American Airlines parent AMR Corp. will have to wait a while longer to learn whether a bankruptcy judge will approve its settlement with the U.S. Justice Department of a lawsuit over the carrier’s proposed merger with US Airways Group Inc.
U.S. Bankruptcy Judge Sean Lane declined to rule on the settlement from the bench after a hearing today in Manhattan. After hours of argument over a group’s request to block the regulatory accord, the judge said he would have a decision by Nov. 27, at the latest.
“This hearing represents the culmination of perhaps the most successful Chapter 11 case for an airline in recent history,” Stephen Karotkin, a lawyer for AMR, told the judge.
Under the Nov. 12 accord, the Justice Department agreed to drop its antitrust challenge if the carriers gave up some airport slots.
American Airlines will form the world’s biggest airline if the merger with Tempe, Arizona-based US Airways is completed. The federal district judge presiding over the antitrust case in Washington must also approve the proposed settlement after accepting comments from the public through Feb. 7.
The deal with US Airways is the linchpin of Fort Worth, Texas-based American’s bid to emerge from bankruptcy after almost two years and repay creditors. Lane approved American’s reorganization plan in September, while barring it from taking effect until the underlying merger won regulatory clearance.
To resolve regulators’ concerns that the deal would give the merged airline too much clout at Washington’s Ronald Reagan National Airport and boost prices, American and US Airways agreed to divest 52 pairs of takeoff and landing slots there. The combined carrier will also give up 34 slots at New York’s LaGuardia Airport and make smaller concessions at five other airports.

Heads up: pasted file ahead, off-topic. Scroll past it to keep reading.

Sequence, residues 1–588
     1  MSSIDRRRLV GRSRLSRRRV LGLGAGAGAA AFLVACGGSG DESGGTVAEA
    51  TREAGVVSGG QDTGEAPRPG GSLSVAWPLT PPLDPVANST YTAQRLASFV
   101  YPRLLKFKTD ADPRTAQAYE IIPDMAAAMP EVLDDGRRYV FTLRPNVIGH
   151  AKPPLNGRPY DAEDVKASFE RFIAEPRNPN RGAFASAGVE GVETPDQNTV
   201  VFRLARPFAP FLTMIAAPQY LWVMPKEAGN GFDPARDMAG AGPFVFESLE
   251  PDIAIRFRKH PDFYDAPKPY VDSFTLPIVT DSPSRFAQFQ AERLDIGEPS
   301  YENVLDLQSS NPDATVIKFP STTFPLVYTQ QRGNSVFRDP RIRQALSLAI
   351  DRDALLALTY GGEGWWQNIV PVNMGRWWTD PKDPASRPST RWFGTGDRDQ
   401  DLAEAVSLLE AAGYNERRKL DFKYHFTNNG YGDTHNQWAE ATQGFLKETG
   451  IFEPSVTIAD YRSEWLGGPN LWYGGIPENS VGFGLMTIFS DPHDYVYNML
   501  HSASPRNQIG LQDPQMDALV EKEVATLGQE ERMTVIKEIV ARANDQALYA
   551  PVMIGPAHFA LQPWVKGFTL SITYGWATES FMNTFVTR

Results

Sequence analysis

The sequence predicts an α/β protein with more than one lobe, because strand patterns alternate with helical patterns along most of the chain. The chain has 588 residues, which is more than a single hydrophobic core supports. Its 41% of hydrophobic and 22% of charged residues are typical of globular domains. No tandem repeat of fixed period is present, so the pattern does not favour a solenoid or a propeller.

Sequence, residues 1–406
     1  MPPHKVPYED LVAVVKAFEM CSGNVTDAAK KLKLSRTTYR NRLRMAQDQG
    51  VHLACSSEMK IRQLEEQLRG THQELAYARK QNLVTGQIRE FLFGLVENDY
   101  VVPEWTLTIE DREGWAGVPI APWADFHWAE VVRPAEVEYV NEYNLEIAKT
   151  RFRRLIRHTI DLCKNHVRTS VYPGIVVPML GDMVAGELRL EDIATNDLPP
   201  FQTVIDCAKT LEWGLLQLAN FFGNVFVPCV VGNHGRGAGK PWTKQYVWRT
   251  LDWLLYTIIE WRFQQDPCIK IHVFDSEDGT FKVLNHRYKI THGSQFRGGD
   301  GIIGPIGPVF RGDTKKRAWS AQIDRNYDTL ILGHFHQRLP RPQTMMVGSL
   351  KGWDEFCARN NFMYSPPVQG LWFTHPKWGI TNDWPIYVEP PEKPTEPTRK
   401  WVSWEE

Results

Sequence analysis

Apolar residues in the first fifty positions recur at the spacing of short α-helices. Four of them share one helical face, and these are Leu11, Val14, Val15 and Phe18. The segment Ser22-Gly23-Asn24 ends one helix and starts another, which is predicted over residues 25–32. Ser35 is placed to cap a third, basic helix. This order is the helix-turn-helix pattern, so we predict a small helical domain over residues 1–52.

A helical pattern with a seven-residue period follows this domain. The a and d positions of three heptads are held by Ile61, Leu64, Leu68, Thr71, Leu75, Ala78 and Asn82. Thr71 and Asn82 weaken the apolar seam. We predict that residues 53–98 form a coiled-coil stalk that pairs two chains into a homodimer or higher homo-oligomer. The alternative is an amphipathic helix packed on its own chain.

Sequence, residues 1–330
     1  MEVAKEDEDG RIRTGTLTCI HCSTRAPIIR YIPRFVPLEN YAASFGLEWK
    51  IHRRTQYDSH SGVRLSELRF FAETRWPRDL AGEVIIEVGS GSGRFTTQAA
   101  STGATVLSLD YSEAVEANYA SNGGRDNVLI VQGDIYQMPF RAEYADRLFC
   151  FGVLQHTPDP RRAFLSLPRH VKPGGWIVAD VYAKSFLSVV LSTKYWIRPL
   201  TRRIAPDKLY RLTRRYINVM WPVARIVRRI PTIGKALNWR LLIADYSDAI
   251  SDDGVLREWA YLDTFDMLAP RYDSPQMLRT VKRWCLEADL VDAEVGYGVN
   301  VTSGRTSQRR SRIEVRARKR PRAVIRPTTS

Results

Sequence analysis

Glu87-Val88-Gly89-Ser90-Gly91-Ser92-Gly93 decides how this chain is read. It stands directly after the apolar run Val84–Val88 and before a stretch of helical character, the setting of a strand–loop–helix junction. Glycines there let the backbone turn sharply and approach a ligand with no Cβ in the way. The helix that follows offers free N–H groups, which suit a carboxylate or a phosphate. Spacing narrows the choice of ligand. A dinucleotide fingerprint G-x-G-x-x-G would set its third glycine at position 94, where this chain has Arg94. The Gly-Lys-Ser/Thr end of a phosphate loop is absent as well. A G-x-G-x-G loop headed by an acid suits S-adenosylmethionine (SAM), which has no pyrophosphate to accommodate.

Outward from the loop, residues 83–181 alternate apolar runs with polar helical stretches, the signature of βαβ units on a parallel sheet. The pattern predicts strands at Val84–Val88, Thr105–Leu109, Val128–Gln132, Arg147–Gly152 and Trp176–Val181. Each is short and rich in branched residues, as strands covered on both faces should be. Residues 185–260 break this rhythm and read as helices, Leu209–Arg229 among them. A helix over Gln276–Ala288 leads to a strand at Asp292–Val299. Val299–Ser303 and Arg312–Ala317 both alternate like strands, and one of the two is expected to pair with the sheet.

The Justice Department filed an antitrust lawsuit to block the merger of American and US Airways in August, arguing it would raise prices and harm consumers. American could emerge from bankruptcy and compete on its own without the merger, the U.S. said.
American Airlines and US Airways said the deal would be good for passengers, giving them more choices and generating more than $500 million a year in benefits.
AMR’s total value for its stakeholders under the reorganization plan is about $13.1 billion based on current trading, representing an increase of $2.7 billion since Aug. 7, when a valuation was last completed, Karotkin, told Lane today. He called the value created for creditors a “remarkable achievement.”
After the merger, US Airways Chief Executive Officer Doug Parker will hold that title at the combined airline, while AMR CEO Tom Horton would serve as chairman until the first annual meeting of the merged carrier.
In September, Lane challenged a $20 million severance payment under the turnaround plan for Horton, prompting Karotkin, to say the payout would be dropped to win approval.
The agreement gives 28 percent of the stock of the combined company to US Airways shareholders, with the remaining 72 percent going AMR creditors, unions, certain employees and shareholders.
The bankruptcy case is In re AMR Corp., 11-bk-15463, U.S. Bankruptcy Court, Southern District of New York (Manhattan). The antitrust case is U.S. v. US Airways Group Inc., 13-cv-01236, U.S. District Court, District of Columbia (Washington).